What is a deferred prosecution?

January 9, 2010

A deferred prosecution is an option for anyone charged with DUI or any other gross misdemeanor, or misdemeanor, when the conduct is the result of a serious alcohol or substance abuse problem.

Ordinarily, you do not want to go on a deferred prosecution if it is your first DUI charge ever, especially if your BAC reading is under .15.   Why?  Because the consequences of a sentence for a first DUI, especially if the State will amend the charge to something less serious, could be less onerous than those of a deferred prosecution program.

The main advantages of entering deferred prosecution are that you do not get convicted of the offense, and do not receive penalties. You will however, have to comply with a rigorous treatment program for two years.   And the treatment is at your own expense, unless you can get it covered under your insurance or apply for state funding.   But you will not have your license suspended if you go on deferred prosecution, nor will you serve jail time.

The disadvantages are that as a condition of being granted deferred prosecution, you must sign a stipulation that if you violate the conditions of the program, and get “revoked,” then you will not receive a jury trial or  most of the rights that go with it.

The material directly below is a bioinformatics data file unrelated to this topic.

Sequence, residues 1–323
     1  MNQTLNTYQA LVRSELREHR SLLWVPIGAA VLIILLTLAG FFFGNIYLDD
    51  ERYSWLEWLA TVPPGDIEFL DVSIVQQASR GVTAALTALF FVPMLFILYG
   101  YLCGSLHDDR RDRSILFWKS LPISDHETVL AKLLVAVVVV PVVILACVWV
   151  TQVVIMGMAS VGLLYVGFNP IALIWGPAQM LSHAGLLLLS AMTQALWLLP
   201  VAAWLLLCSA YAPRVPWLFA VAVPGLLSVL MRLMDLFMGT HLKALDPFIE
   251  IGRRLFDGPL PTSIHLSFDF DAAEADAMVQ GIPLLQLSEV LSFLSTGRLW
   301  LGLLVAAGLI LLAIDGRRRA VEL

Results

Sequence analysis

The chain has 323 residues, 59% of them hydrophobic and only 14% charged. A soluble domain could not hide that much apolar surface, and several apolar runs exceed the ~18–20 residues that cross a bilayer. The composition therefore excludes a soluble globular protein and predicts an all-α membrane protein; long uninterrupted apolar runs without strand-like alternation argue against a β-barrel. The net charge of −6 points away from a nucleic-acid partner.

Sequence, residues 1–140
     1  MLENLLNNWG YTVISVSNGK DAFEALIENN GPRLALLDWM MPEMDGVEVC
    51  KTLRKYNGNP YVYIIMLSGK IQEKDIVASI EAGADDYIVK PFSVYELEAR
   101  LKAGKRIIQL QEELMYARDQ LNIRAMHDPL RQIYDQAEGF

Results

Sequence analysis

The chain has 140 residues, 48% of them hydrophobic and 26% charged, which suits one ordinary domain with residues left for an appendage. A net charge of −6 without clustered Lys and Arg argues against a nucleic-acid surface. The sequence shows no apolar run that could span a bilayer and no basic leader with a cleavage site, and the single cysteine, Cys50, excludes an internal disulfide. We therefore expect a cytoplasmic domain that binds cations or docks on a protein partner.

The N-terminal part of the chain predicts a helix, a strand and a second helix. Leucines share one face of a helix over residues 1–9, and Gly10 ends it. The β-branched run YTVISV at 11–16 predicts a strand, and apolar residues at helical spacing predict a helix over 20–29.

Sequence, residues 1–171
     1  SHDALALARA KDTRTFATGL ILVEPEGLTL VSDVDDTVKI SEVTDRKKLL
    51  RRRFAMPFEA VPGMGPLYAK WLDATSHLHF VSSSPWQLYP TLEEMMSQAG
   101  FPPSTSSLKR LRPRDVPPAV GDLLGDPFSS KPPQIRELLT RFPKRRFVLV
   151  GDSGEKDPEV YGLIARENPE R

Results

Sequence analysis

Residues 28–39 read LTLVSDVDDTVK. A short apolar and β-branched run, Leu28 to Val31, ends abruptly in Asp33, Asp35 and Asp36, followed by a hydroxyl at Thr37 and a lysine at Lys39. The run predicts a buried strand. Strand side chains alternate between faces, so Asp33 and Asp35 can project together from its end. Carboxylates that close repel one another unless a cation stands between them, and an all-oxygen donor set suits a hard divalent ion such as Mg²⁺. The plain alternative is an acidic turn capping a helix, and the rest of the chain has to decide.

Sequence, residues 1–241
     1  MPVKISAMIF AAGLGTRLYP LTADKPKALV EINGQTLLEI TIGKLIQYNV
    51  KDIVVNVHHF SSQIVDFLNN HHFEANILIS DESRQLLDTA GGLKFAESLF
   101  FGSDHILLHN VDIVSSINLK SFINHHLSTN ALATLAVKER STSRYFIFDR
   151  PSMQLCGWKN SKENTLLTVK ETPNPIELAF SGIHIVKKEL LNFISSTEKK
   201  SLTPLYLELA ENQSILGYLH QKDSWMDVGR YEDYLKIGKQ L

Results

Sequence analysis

Instead, the Court will simply review the police report and make a determination of guilty or not guilty based on that, without live testimony.   And, you would not have taken a deferred program, if you thought the evidence against you was weak, you would have gone to trial.

Once you complete your two years of treatment, your are still on probation for five years, and must not commit any similar offenses during that time.  If you meet all the requirements, then the charge is dismissed.

In the State of Washington, you can only take a deferred prosecution once in a lifetime.

Do not go on a deferred prosecution unless you acknowledge you have a serious alcohol or substance abuse problem, and are committed to  complete  abstinence, and completing  your treatment faithfully.

If you are more than a first time offender, and you need the treatment, and you follow the requirements, it may be the best thing to happen to you.

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